I feel I now understand the squirrels of the world much better. Embracing this soft moist life the sorrows of recent memory disappear. Beside the moss a beetle goes about its business at an average speed. Only close can you see up close. Wishing for too much only makes you depressed for days at a time. That’s why you should always expect little. Allow yourself to be surprised by everything bigger than ants.
A cigarette end lies across the beetle’s path. It’s a Kent. There are traces of lipstick on its white tip. At once belief and disbelief hope despair disappointment wish and desire compete for space in my head. I leave wishes alongside hope because just maybe that Kent fell from the lips of some wood nymph so recently dressed in a tracksuit. When will I meet this slender woman with a cigarette in her mouth on a forest path soothing her dried lips with water from these same ditches?
In many ways I am over half way there. I lose weight with every moment that passes. Because of my inability to buy things there is nothing fresh at home. For a fleeting moment I think of the mushrooms the blueberries and the wood sorrels and their scheming plot. Hatred is a pointless emotion for someone losing out to nature. Bitter hatred. The machinations of world politics prove this with every day that dawns. Farmers’ questions and answers points towards my autumn programme a path to the peace of the countryside unemployed as I am. Maybe during the harvest season. That’s all I need.
A mosquito. A henchman of the dusk it floats down to my hand in the full light of day. I don’t kill it. The blood transfusion requires only a small sting sticks its sucker through the epidermis and turns a translucent red colour. Why don’t I kill it because its offspring need this transfusion to survive. I read that somewhere.
The cycle of the forest lasts a day a year. The cycle of a corset is thirty years. I read this in a women’s magazine in the library; little by little the corset is set to make a comeback to the streets next autumn.
Is the sun beginning to set over the suburbs? There will be no frost in the following nights since the banks of snow disappeared from the woodlands only months ago. New snow banks will come in their own time along with all the corsets.
Now it’s time to escape if I ever want to appear sane in front of other people again. I’ve already spent over half the day my return journey will take the same maybe less. Naturally my planned return route comes to life. If only close can you see up close it would be wise to take a different route back.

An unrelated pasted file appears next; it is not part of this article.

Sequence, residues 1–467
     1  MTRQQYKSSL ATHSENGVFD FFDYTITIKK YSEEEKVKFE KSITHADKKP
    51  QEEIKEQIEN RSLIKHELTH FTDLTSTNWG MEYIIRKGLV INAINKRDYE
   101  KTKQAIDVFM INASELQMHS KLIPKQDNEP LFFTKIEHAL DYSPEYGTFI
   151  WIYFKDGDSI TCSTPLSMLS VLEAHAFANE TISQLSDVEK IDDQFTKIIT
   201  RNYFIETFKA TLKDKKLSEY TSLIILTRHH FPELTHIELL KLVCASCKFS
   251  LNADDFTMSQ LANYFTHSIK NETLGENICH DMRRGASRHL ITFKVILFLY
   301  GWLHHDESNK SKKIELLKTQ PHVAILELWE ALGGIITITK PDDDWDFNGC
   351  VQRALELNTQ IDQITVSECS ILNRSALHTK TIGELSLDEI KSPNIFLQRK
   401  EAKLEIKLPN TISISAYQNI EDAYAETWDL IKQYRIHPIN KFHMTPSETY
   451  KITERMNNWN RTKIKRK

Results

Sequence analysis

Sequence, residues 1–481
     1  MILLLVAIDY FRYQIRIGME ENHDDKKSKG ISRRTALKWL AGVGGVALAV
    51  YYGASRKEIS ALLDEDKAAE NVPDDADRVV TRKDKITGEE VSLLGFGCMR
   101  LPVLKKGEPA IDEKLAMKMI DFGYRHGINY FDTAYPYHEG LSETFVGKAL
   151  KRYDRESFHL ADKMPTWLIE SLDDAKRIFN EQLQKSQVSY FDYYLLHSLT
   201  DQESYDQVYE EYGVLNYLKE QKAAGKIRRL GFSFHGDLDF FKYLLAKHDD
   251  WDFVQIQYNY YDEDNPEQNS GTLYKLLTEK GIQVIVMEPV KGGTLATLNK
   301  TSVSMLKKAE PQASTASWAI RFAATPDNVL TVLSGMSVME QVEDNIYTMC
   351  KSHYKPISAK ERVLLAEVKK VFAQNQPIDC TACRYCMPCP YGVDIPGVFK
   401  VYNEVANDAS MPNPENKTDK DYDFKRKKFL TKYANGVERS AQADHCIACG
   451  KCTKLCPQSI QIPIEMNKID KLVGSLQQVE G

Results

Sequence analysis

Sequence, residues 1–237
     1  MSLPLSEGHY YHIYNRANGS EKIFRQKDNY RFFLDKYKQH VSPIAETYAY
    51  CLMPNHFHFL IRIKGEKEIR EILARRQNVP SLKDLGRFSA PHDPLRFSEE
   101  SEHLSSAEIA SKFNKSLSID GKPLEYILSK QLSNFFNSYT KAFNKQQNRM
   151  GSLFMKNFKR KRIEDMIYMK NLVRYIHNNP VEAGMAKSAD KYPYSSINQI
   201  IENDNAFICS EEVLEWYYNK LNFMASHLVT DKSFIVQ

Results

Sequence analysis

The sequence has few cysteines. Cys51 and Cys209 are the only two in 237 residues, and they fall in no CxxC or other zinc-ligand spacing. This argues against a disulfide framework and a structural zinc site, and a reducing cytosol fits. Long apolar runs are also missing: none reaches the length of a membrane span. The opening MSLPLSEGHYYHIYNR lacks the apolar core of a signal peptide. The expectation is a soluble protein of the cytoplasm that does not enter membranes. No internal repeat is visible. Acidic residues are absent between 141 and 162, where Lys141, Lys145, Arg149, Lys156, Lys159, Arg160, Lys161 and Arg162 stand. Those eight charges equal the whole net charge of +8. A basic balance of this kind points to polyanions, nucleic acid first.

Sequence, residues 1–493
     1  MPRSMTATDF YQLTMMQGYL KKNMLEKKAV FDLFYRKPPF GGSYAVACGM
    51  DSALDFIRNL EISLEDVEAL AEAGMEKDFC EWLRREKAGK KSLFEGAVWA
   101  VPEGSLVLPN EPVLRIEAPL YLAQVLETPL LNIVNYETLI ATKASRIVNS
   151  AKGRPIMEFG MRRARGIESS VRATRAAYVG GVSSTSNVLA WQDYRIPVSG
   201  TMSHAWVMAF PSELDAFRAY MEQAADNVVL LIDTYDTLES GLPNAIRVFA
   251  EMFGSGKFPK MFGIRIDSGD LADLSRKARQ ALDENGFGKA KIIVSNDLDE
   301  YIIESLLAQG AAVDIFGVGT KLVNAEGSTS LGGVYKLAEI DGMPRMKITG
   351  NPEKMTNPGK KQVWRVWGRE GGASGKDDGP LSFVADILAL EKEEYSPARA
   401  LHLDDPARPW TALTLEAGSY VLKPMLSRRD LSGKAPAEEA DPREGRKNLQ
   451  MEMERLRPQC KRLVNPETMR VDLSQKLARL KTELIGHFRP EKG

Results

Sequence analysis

The words of those songs are partly right all water and blue skies. In part the words of these songs are lying telling us about birch trunks that are mostly dark spruces hills clumps of moss. When the silence deepens you realise that the silence itself is the entire conversation not words nor speeches landscape per se if its constituent parts are visible with all its animals in tow. Mosquitoes as little commas exclamation marks timothy grass growing in the chinks between sentences. Since time immemorial back when man first thought of crawling out of the water as the first protozoan. And so it continues until the species has disappeared without anyone remembering.
Walking back the great context of all I have seen begins to take shape to be written down not in a little black notebook but in a white-covered book of ideas: ‘The Great Debate exists only in the Forest’. I have to remember this thought now until I get home. The Great Change: first there were dark sentiments then a thought in the middle of the forest falls silent like a new day an adventure in any place at any time! You’d best hurry woodsman.
Only in the middle of the forest is it perfectly silent. Beyond Kumpulantie road the silence is joined by the rumbling of the trains. People travelling in the same direction further north each to their own personal destination: schoolchildren out to the pastures to stare at the cows. Ahead the path is cut from the left. A hundred metres I’d say. A path trodden by people winds down past the kiosk along the edge of the park.
He stops at the kiosk borrows two meat pies for a snack. Of all the forest’s friends the old man is the greatest. Still the forest cries after me: you should have taken some ditch water with you to drink.
Now it is too late like night flooding back to its home.
Interpreted by David Hackston, assisted by Soila Lehtonen
Tags: short story